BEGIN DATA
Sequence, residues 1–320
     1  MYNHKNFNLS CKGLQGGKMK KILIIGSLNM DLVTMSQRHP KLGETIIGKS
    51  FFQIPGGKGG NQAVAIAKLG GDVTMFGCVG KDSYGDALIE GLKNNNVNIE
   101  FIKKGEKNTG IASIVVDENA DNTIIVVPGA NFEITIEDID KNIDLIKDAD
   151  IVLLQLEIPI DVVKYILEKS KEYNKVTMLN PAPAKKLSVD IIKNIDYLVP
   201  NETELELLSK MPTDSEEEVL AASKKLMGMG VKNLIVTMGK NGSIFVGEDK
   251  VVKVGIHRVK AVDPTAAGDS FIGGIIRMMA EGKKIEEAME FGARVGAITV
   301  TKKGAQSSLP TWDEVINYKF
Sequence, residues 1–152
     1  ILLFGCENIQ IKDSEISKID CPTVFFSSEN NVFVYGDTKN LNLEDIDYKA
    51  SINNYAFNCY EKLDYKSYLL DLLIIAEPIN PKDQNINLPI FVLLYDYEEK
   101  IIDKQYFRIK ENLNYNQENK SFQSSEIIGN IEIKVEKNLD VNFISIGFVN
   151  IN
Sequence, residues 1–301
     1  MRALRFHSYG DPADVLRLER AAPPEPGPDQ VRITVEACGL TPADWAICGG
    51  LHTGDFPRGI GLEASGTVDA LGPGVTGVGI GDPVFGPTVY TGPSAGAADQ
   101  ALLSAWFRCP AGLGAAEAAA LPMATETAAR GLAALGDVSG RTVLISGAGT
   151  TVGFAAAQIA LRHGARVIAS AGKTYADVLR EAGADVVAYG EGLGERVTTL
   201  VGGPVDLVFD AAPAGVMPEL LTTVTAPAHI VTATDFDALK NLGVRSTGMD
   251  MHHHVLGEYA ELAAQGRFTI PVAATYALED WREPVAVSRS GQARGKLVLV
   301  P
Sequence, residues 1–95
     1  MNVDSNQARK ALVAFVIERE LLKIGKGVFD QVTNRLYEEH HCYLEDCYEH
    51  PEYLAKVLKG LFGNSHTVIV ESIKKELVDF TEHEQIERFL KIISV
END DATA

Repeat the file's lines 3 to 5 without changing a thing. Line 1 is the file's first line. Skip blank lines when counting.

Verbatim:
    51  FFQIPGGKGG NQAVAIAKLG GDVTMFGCVG KDSYGDALIE GLKNNNVNIE
   101  FIKKGEKNTG IASIVVDENA DNTIIVVPGA NFEITIEDID KNIDLIKDAD
   151  IVLLQLEIPI DVVKYILEKS KEYNKVTMLN PAPAKKLSVD IIKNIDYLVP